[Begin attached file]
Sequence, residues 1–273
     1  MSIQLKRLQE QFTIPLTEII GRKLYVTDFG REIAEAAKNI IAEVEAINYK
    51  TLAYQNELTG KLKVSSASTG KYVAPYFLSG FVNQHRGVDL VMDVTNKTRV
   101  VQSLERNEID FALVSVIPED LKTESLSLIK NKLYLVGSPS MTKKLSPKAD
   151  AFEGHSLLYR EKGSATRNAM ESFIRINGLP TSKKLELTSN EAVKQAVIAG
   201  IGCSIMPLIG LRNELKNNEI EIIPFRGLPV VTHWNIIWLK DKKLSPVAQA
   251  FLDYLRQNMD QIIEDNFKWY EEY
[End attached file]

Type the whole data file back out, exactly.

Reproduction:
Sequence, residues 1–273
     1  MSIQLKRLQE QFTIPLTEII GRKLYVTDFG REIAEAAKNI IAEVEAINYK
    51  TLAYQNELTG KLKVSSASTG KYVAPYFLSG FVNQHRGVDL VMDVTNKTRV
   101  VQSLERNEID FALVSVIPED LKTESLSLIK NKLYLVGSPS MTKKLSPKAD
   151  AFEGHSLLYR EKGSATRNAM ESFIRINGLP TSKKLELTSN EAVKQAVIAG
   201  IGCSIMPLIG LRNELKNNEI EIIPFRGLPV VTHWNIIWLK DKKLSPVAQA
   251  FLDYLRQNMD QIIEDNFKWY EEY